New tech­nol­ogy aids tag­ging, track­ing wild birds

The Boyertown Area Times - - SPORTS - By Tom Ta­tum For Dig­i­tal First Me­dia

Tag, you’re it! And if you hap­pen to be one of seven species of mi­gra­tory birds and one species of bat, wildlife pop­u­la­tions that have been in se­ri­ous de­cline for years in our state, tag is not just a kids’ game these days. That’s be­cause the Penn­syl­va­nia Game Com­mis­sion (PGC) is set to lead a “tag team” that in­cludes the Mary­land Depart­ment of Nat­u­ral Re­sources, the North­east Mo­tus Col­lab­o­ra­tion, and other part­ner­ing or­ga­ni­za­tions in their ef­forts to col­lect life-cy­cle in­for­ma­tion on the tar­geted species.

These species in­clude Swain­son’s thrush, wood thrush, black­poll war­blers, Canada war­blers, rusty black­birds, Amer­i­can wood­cock and north­ern long-eared bats. Other pri­or­ity species, such as New Eng­land’s Bick­nell’s thrush, also are tar­geted by this re­search.

This cut­ting edge re­search is made pos­si­ble by nan­o­tags, de­vices that weigh as lit­tle as oneeighth that of a penny and can ac­com­plish what much heav­ier teleme­try gear couldn’t do as re­cently as ten years ago. Al­most overnight they have helped strengthen the sci­ence used in wildlife con­ser­va­tion.

Ra­dio trans­mit­ters so small they can be fit­ted to monarch but­ter­flies, nan­o­tags trans­mit a sig­nal that can reach out about 10 miles. This project aims to pro­vide more re­ceiver sta­tions to col­lect those nan­o­tag trans­mis­sions. Cur­rently, there are more than 40 in Penn­syl­va­nia. The ex­pec­ta­tion is that about 12 more re­ceiv­ing sta­tions would be added un­der this proposal.

“Penn­syl­va­nia al­ready is well equipped with re­ceiv­ing sta­tions in western and south­ern coun­ties,” ex­plained Dan Braun­ing, who su­per­vises the Game Com­mis­sion’s Wildlife Di­ver­sity Di­vi­sion. “Clus­ters of new re­ceiver sta­tions will be es­tab­lished on the Po­cono Plateau, as well as across the north­ern tier, and along the Kit­tatinny Ridge/South Moun­tain sys­tem.”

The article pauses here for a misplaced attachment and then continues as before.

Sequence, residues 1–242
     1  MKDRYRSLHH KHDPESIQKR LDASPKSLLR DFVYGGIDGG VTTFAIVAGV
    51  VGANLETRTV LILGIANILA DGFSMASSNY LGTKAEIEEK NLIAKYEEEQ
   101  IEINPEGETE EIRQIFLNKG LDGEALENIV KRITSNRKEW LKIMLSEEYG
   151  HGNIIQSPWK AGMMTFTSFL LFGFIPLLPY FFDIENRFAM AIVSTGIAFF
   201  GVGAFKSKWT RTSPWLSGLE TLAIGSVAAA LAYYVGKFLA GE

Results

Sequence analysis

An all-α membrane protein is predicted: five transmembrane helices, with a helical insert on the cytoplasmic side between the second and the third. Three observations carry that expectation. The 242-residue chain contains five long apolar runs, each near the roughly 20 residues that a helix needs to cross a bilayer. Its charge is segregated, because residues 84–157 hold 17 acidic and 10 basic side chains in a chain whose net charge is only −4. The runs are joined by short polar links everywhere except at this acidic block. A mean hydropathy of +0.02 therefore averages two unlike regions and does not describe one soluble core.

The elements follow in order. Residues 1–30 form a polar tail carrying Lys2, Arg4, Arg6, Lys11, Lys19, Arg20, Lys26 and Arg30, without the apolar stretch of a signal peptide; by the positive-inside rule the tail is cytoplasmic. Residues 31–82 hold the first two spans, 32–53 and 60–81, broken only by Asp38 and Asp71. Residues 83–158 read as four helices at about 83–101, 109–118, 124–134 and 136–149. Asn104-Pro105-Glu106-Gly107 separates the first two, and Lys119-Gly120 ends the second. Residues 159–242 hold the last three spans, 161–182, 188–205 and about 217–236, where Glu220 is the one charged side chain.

“This project em­bod­ies con­tem­po­rary wildlife con­ser­va­tion: state and fed­eral gov­ern­ment agen­cies work­ing with pri­vate con­ser­va­tion or­ga­ni­za­tions and uni­ver­si­ties to help species that de­mand more at­ten­tion than tra­di­tional wildlife man­age­ment can pro­vide,” ex­plained Game Com­mis­sion Ex­ec­u­tive Direc­tor Bryan Burhans. “The agency is in­debted to part­ner or­ga­ni­za­tions such as the Wil­lis­town Con­ser­va­tion Trust and the Ned Smith Cen­ter for Na­ture and Art for their com­mit­ment to wildlife. To­day, con­ser­va­tion counts on part­ners more than ever be­fore.”

The U.S. Fish and Wildlife Ser­vice (USFWS) has agreed to sup­port a proposal for fur­ther ex­pan­sion of the Mo­tus Wildlife Track­ing Sys­tem in Penn­syl­va­nia and four other neigh­bor­ing states (New York, Mary­land, New Jer­sey and Delaware) to mon­i­tor eight mi­gra­tory species and other wildlife.

The North­east Mo­tus Col­lab­o­ra­tion is a part­ner­ship of the Wil­lis­town Con­ser­va­tion Trust, Ned Smith Cen­ter for Na­ture and Art, Project Owl­net and the Carnegie Mu­seum of Nat­u­ral His­tory’s Pow­der­mill Na­ture Re­serve. The col­lab­o­ra­tion is housed un­der the Mo­tus Wildlife Track­ing Sys­tem es­tab­lished in 2013 by Bird Stud­ies Canada. The net­work cur­rently tracks wildlife from more than 500 sta­tions around the world.